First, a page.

Melzer supplies a mountain of evidence in support of Strauss' claims — quotes from just about every major philosopher (and many other writers) from ancient Greece to 19th-century Germany testifying to the reality of esotericism. (An online appendix of supporting quotes and citations runs about 100 pages.) It seems that up until roughly two centuries ago, almost every culturally educated person took for granted that books of philosophy (and sometimes also works of scripture and literature) were written in a style of deliberate obscurity.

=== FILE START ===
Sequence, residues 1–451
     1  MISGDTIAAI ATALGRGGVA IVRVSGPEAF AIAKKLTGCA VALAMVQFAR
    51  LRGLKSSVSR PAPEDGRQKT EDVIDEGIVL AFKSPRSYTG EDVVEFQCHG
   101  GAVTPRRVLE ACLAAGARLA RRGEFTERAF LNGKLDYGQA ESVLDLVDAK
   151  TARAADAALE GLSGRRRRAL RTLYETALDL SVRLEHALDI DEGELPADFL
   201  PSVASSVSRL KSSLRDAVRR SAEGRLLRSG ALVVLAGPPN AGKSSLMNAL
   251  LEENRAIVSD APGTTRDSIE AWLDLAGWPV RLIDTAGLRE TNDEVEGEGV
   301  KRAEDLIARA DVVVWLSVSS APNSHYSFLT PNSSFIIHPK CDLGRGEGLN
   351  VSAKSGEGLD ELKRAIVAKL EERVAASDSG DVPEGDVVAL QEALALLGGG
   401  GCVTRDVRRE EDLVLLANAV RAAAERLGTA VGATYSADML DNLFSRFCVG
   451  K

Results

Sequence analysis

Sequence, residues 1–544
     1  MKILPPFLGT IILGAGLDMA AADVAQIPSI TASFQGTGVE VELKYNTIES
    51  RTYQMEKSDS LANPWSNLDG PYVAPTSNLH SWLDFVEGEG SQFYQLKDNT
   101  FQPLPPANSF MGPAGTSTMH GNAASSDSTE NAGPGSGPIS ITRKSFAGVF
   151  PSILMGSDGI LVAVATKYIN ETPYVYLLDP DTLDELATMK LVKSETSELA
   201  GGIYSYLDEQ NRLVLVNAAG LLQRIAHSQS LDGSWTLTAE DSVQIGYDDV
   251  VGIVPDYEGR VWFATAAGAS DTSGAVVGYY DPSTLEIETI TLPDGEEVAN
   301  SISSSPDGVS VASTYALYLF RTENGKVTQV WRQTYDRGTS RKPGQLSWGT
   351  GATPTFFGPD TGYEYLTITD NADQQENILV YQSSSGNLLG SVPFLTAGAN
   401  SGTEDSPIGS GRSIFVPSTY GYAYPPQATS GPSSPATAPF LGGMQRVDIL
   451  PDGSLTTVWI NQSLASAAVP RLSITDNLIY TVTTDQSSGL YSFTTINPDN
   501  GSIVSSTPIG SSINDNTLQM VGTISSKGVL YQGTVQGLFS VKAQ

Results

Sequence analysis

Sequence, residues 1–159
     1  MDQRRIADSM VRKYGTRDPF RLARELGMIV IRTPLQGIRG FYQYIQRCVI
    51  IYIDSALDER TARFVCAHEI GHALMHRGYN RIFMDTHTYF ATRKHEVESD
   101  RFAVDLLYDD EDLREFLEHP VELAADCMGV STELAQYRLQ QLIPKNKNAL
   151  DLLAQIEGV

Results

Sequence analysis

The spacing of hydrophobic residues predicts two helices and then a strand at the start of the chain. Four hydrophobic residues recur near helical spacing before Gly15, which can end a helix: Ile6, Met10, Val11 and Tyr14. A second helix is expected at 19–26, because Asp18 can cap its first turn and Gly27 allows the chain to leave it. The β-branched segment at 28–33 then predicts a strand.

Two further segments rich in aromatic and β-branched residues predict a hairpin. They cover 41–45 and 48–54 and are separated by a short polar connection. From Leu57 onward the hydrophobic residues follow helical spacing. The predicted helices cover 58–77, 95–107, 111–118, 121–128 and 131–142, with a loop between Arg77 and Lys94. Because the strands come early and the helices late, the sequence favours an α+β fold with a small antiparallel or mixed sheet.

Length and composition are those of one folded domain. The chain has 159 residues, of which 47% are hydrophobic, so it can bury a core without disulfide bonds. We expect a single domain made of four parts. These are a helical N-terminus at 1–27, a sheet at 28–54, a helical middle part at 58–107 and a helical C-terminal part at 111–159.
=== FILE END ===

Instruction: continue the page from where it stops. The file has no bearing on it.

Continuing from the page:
In some of the most intriguing sections of the book, Melzer proposes various explanations for how such a widely acknowledged practice could have come to be almost entirely forgotten, only to be single-handedly recovered by Strauss in the mid-20th century. Esoteric writing offends our democratic sensibilities (which assume that in principle everyone is capable of discovering the truth); it runs afoul of the norms of modern scholarship (which assume truths should be publicized and made available equally to all); and it clashes with the modern West's valorization of clarity and directness in communication. As Melzer shows through an engagement with recent research in anthropology and comparative rhetoric — and even a perusal of Culture Matters: The Peace Corps Cross-Cultural Workbook — most societies outside of the modern West have prized (and to this day continue to prize) indirect, implicit, ambiguous modes of speaking and writing.